I'm setting up a web server for my business and I need to email error messages and notifications to myself so I can keep track of things, but I don't have a sendmail or postfix installation for my domain and DO NOT want to futz with that since it's just overkill for what I need.
Thankfully, a minimal mail user agent is installed with Mandriva (and likely in many more variants of Linux as part of their base package) called mailx (and was formerly called nail, which explains the names of a few files).
The system-wide configuration file is located at /etc/nail.rc. Each user can have a ~/.nailrc file, but since my server is running headless, I put everything in /etc/nail.rc. As well, you can put per-user modifications in the more common ~/.mailrc.
There seems to be a general problem for people getting mailx to work with Gmail.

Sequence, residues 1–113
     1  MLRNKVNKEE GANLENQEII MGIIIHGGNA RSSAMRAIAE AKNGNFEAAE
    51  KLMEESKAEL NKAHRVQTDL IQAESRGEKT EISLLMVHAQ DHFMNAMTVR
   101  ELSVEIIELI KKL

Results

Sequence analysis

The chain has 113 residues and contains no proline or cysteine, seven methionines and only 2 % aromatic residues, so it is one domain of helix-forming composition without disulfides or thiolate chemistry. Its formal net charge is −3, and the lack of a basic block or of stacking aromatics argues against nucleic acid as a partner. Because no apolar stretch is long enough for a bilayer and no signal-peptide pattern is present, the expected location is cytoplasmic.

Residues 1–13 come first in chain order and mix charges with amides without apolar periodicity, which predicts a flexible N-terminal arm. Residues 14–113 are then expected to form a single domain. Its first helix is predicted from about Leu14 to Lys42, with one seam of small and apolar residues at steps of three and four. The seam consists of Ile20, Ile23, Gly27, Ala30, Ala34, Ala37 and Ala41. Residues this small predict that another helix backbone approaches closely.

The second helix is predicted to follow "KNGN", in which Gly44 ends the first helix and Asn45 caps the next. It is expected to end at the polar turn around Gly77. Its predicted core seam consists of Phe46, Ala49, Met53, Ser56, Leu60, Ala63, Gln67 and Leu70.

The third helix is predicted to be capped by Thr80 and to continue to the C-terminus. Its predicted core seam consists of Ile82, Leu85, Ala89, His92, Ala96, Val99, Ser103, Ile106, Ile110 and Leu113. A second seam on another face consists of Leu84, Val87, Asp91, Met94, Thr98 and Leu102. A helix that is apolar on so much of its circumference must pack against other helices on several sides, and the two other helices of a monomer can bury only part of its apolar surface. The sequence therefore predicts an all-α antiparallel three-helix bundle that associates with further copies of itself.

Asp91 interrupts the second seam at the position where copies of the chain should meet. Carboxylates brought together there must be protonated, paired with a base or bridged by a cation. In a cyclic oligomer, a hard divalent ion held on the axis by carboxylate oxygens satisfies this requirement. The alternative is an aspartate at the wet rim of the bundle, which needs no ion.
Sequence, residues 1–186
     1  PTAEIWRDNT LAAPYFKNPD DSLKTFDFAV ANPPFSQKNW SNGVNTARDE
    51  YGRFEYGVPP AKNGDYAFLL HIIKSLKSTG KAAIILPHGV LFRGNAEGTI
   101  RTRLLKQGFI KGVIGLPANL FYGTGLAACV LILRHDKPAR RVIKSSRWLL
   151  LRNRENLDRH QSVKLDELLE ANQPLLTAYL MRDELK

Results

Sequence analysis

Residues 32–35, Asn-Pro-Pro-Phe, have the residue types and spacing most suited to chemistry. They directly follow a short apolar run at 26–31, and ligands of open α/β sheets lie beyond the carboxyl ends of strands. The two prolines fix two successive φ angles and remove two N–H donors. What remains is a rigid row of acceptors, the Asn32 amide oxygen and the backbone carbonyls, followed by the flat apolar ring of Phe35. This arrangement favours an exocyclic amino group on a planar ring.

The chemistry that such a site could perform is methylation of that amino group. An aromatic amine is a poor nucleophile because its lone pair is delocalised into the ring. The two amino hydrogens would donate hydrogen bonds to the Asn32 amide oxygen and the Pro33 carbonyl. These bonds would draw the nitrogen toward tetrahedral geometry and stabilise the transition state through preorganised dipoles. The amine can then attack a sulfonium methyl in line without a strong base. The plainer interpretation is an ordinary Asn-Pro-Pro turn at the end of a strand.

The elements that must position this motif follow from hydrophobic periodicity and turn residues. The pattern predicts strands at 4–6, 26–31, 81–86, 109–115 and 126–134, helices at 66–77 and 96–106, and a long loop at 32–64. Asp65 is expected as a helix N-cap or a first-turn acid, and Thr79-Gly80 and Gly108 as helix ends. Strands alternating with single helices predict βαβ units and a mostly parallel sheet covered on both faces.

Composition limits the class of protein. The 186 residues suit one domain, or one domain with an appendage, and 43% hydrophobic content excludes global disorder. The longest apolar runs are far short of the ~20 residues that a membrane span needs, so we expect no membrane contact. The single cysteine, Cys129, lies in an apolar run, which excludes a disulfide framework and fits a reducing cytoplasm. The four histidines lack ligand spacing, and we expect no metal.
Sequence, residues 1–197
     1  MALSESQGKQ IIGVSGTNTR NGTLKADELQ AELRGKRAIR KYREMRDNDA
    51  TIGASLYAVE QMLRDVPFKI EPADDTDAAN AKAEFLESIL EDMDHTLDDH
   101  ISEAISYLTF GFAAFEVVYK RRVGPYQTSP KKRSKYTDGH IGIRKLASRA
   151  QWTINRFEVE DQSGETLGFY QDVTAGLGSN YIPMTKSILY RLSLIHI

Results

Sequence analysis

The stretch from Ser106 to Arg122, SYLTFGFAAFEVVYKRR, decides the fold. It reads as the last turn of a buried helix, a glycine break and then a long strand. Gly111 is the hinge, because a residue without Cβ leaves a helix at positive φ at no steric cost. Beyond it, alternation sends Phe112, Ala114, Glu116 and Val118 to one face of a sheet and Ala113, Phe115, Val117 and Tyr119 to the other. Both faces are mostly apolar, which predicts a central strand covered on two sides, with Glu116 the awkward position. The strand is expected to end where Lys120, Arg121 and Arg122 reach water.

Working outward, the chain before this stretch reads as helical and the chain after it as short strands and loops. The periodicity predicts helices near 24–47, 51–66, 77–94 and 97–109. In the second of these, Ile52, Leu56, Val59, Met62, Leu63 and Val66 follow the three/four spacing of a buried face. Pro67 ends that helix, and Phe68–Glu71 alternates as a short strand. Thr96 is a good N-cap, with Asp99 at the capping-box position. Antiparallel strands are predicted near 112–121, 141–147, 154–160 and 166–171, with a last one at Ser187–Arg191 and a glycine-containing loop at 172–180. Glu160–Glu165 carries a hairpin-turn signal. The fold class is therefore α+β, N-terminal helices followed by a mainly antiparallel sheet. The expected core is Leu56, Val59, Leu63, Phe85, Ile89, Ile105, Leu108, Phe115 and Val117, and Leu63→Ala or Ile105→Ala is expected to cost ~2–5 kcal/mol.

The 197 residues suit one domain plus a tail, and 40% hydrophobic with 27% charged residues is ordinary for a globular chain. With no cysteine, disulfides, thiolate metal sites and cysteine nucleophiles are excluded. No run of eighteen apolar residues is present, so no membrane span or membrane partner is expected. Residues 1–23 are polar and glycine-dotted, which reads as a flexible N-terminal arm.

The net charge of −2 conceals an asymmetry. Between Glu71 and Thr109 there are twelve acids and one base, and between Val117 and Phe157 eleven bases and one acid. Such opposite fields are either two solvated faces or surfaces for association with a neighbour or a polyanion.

Here's what I did:
1. Make sure that POP is enabled in your Gmail Settings.
2. Add the following to /etc/nail.rc:
#configure Gmail SMTP
NOTE: Please substitute your own account name for USERNAME and your own password for PASSWORD.
NOTE: Gmail does not use the standard port 25 for SMTP. Above, I used port 587 for GMail; port 465 may work for other mail servers.
To test if you have been successful:
# echo testing | mail firstname.lastname@example.org
Success is silent, simply returning you to the command line.
Adding the -v directive puts nail in verbose mode and may give a clue as to why a connection is failing. If there are no errors, you'll see a log of transactions between you and the GMail server, then you'll be returned to the command prompt and you'll find a message with the subject "test" in your Gmail mailbox.
Note that I'm not using mailx to read mail - I'm not that much of a masochist. That's why I didn't use the IMAP option of mail.
You may find it necessary to "fix" the default mail application that your system uses. Mandriva and Mageia insist on making it 'sendmail' by default and not allowing the choice of /bin/mail through /etc/alternatives. You can fix it yourself.
MaximumHoyt: Managing /etc/alternatives
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